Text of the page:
They use inexpensive pans as well. Restaurants will generally not spend a lot on pans and knives. These are used, abused and replaced. Many chefs have their own knives that they use in lieu of the general ones used in the restaurant.

                      1. re: scubadoo97

                        Yeah, Bittman (for his article) priced three sauce in various sizes for $30 total.

                        1. re: mpalmer6c

                          Our house Knives are Dexter Russel 10",these are MUCH improved over 10 years ago--still I prefer a Forschner as a pro workhorse. While the Knives are typical of a commercial kitchen,so is the Norton triple stone..a great item with a 12" Arkansas fine stone and 2 carburundum stones in a holder. Those units cost about $200. With it...you can make a $30 Forshner cut better than the typical home cook's $100 knife....if you know how to really use it.

                          In my job...I might be doing veggies by the case. A few weeks ago my day was split and pan up 300 cornish game hens,trim/bone 60lb of rock cod and dice up 30lb of onions. A delicate 6" Santuko would not suffice.

                          Meanwhile...we have as many as 30 people in and out of the kitchen..temps..student part timers....I'd be afraid a flashy $150 Global 10" would just walk off. Someone walked off with my 10" Forschner from home,I had it 25 years..I'm getting another. I'll get the green handle version so it won't get mixed up with all the Dexters at work. I got a Kershaw 7" on order-cause it was on sale and is a laminated steel with the core the steel used in Shun + Global. It may mostly be my herb mincer at work. I think I can put a freaky sharp edge on it.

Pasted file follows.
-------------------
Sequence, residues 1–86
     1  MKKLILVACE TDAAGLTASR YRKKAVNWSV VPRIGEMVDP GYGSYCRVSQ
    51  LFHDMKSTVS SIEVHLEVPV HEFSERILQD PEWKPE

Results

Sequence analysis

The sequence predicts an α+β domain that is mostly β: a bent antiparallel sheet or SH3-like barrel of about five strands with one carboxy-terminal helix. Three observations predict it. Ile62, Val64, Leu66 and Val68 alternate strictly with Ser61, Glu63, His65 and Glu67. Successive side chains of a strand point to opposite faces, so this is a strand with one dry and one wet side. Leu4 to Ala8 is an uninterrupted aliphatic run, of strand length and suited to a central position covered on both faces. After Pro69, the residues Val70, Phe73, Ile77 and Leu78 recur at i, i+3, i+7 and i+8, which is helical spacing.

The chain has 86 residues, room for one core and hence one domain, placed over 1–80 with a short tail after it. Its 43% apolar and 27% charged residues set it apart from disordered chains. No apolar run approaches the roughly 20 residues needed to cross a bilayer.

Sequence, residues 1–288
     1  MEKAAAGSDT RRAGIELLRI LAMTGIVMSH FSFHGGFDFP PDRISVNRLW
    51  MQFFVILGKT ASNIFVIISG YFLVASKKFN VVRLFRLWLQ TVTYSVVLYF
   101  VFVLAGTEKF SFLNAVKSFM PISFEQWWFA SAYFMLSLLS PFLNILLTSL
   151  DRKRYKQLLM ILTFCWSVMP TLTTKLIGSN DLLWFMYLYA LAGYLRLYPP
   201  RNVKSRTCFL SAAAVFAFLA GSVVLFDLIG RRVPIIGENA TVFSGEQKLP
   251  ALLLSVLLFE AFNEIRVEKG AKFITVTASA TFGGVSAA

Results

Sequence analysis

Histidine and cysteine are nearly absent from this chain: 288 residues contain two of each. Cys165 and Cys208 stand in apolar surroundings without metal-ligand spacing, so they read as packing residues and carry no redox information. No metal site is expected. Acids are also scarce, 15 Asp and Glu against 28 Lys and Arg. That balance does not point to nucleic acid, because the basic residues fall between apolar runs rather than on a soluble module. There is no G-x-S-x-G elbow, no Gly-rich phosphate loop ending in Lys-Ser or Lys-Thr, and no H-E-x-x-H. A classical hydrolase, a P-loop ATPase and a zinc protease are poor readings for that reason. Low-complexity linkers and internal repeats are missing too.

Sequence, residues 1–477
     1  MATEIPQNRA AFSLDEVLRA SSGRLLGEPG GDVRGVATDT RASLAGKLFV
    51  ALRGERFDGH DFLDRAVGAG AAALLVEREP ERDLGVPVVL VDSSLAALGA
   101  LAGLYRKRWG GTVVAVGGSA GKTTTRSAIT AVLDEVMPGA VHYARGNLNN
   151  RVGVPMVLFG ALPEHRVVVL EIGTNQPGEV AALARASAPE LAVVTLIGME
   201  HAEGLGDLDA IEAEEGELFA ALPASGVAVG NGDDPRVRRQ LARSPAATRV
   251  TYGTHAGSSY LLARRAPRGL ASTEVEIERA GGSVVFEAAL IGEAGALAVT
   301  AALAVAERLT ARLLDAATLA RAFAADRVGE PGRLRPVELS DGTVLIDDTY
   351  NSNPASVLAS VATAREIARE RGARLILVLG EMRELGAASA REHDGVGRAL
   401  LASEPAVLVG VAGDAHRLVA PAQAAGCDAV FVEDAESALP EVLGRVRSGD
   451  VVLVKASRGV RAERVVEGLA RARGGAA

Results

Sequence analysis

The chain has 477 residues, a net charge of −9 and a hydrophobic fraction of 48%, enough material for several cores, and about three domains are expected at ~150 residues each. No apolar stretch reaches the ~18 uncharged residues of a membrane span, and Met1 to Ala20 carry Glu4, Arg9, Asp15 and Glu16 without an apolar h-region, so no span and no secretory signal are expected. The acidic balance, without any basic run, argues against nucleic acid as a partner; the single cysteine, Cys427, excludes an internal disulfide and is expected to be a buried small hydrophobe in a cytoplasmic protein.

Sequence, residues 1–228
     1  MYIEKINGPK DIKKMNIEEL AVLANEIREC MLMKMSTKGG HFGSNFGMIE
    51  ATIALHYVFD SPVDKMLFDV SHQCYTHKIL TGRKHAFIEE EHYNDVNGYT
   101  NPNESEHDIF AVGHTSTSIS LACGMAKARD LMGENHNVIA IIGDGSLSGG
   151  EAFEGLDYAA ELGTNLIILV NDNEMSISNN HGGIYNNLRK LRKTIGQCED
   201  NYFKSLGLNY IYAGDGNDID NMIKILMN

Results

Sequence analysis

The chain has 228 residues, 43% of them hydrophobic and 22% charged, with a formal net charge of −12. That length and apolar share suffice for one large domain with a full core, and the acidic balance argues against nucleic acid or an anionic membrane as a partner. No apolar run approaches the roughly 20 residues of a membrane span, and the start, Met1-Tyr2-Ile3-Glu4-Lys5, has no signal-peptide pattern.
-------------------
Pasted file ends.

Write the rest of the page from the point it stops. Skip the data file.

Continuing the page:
We cook on a pretty big scale. Our pans are not fancy...but are not cheap because they hold 5-30 gallons. We use a tilt skillet and several sized steam kettles a lot. In a Restaurant or institurtional kitchen...there's so much speed and volume that the hardware does not always get TLC

                    2. As silly as it might sound, the forged vanadium steel knives by Ikea actually aren't bad. I bought the smaller 11" chef's knife on a whim for $15 to test it out, and it is able to take an edge well assuming you use a ceramic sharpening steel and stone. Performance is almost similar to the Global vanadium steel knives. The Ikea handle/tang is more comfortable to hold and has more heft than the stamped global knives.

                      Note: I'm not talking about the super cheap trash Ikea knives (~$5-10) that are stamped and flimsy and often come with a small knife block.

                      1. I see quite a few posts for the dexters. My main chef's knife is the white handled Dexter. Great balance, takes an edge well, and easy to clean. My other knives include a Dexter Chinese cleaver and Asian vegetable knife. Not as fun/cool as the Shuns of the world, but more than adequate. I would love to get a sset of good carbon steel Sabatiers, but in the meantime, my Dexters are just fine. Just a note, though, they also make a set of forged knives. I checked them out at a restaurant supply shop - I liked them a lot. Fantastic balance.

                        1. I have a couple of Victorinox pairing knives and a chef knife. I love them! I've owned lots of cheap knives, but these are the ones that keep on cutting.

                          Heck I've carved up entire butternut squashes with one of their pairing knives.

                          1 Reply
                          1. re: adventuresinbaking

                            I just bought 4 Forschnerr paring knives to replace a few that I have had for 12+ years. They will tolerate amazing abuse, sharpen up on a steel like a razor in a few seconds, and only cost peanuts.